Oklahoma City Public Schools Students Improve Behavior and Academic Performance Thanks to Great Expectations

Foundation Provides Professional Training to Teachers and Administrators

Tahlequah, Okla. (Nov. 8, 2011) – Behavior, attendance and academic performance have improved at Oklahoma City Public Schools after implementation of Great Expectations, a school transformation model that emphasizes a climate of mutual respect and academic excellence. Dr. George Kimball, the district’s chief information officer, presented these findings to the Oklahoma City Board of Education last night.

Great Expectations is having a huge impact in our district,” said Karl Springer, superintendent of Oklahoma City Public Schools. “Our schools that have implemented Great Expectations are showing increased academic performance and decreased discipline referrals.”

During the 2010-11 school year, Oklahoma City Public Schools implemented intensive professional training from Great Expectations in 28 schools. Principals and lead teachers received leadership training and teachers attended Great Expectations Methodology training. In addition, educators had access to mentors and visited Great Expectations model schools. Five elementary schools were deemed model schools, which means more than 90 percent of teachers are fully implementing Great Expectations in their classroom.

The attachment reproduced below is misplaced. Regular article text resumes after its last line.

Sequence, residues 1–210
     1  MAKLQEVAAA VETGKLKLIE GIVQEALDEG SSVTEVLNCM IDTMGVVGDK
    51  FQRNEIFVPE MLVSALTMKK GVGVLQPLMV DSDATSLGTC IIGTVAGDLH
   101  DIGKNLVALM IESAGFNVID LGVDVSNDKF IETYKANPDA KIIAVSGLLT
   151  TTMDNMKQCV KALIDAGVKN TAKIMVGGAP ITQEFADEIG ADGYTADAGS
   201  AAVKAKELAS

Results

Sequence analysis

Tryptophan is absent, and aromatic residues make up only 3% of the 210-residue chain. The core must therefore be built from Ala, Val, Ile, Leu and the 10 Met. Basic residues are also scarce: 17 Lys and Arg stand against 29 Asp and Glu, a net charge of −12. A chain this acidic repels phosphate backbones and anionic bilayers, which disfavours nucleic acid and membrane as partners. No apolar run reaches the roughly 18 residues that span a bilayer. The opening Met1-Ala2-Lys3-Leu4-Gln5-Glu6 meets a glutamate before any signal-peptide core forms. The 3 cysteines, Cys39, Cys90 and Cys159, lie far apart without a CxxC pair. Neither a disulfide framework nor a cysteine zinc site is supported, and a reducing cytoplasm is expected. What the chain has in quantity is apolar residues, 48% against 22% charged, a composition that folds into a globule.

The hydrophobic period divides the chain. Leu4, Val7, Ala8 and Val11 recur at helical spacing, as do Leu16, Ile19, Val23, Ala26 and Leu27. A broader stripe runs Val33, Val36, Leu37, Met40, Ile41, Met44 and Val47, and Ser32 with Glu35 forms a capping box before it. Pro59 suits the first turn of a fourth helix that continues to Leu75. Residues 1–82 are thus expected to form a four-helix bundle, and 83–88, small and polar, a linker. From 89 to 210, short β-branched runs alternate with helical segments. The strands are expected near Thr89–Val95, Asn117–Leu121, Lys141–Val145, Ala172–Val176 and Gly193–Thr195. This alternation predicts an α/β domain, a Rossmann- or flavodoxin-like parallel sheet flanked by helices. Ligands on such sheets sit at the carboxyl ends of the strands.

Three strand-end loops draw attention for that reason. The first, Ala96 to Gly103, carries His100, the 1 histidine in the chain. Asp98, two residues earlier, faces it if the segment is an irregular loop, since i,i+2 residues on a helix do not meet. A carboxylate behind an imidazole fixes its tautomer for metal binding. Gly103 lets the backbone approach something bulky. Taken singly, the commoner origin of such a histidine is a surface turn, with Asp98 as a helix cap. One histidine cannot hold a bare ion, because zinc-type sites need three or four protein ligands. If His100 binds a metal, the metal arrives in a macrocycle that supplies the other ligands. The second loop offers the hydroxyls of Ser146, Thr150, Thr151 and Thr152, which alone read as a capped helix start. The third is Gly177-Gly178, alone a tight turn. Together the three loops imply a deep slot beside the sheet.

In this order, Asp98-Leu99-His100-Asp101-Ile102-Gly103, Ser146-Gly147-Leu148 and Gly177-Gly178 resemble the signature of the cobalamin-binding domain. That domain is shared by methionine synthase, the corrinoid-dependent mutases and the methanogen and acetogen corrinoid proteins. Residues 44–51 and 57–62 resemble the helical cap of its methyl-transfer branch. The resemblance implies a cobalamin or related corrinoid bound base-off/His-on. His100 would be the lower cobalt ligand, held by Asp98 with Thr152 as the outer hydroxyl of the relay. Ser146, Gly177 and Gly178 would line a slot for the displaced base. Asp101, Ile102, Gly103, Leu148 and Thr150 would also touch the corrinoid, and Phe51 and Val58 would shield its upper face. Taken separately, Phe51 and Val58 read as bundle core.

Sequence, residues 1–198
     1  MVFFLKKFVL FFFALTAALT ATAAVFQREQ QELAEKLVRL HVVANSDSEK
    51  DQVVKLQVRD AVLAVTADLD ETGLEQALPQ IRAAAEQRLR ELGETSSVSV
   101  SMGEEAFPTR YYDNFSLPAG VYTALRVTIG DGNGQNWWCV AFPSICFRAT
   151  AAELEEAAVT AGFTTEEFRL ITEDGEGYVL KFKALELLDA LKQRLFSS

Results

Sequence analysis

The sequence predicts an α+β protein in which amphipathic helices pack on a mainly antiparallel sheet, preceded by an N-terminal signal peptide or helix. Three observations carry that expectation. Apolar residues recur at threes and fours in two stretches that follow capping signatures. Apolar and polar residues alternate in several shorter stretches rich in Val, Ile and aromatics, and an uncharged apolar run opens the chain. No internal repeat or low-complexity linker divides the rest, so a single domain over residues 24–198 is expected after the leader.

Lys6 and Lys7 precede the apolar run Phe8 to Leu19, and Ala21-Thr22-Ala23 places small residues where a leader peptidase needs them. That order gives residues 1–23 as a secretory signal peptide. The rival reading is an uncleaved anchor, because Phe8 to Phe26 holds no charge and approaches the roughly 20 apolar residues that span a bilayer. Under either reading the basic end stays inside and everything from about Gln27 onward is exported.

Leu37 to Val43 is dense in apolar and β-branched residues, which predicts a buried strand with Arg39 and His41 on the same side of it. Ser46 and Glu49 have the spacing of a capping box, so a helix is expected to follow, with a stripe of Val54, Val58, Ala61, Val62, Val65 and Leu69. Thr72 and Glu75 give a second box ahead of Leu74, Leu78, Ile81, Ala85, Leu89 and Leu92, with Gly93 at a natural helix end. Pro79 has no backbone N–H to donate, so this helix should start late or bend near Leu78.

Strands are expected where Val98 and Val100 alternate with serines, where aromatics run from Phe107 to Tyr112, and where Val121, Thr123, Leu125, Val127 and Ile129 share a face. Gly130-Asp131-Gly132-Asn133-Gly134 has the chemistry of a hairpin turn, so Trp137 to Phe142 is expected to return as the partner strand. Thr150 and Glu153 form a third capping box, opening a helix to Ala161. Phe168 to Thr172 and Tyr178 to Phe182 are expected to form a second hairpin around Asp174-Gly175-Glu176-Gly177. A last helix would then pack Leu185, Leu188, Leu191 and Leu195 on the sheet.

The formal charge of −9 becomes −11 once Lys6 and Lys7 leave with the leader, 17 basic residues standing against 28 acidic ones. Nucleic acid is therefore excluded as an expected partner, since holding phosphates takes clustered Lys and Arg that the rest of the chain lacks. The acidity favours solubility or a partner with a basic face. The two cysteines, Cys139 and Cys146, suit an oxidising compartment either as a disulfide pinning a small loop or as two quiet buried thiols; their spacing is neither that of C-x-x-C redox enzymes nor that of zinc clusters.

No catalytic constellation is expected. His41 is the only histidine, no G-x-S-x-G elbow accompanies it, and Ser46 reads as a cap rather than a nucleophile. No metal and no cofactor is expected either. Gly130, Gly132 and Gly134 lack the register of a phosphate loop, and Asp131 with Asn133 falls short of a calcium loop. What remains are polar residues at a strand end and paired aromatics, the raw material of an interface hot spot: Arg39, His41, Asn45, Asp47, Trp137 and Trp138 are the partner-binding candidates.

To evaluate the impact of this comprehensive school reform, Dr. Kimball compared data from 2010-11 to the prior school year. Suspensions and discipline referrals decreased at Great Expectation schools, with long-term suspensions completely eliminated at the model schools. While attendance rates remained steady at Great Expectation schools, model schools experienced a one percent increase. Better behavior and attendance rates at the Great Expectations schools also resulted in higher average reading and math scores.

“Our mission is to motivate, inspire and challenge individuals to achieve excellence in learning and living,” said Dr. Linda Dzialo, president and CEO of Great Expectations. “This groundbreaking data from Oklahoma City Public Schools validates how professional development through Great Expectations can transform an entire district.”

In 2010, Oklahoma City Public Schools selected Great Expectations as its school reform model for all 55 elementary schools. Great Expectations was implemented in 28 schools in 2010-11, and will be implemented in the remaining 27 elementary schools in 2011-12.

Over 37,000 educators have attended Great Expectations training since 1991, and more than 200,000 students are taught by Great Expectations teachers in Oklahoma every year.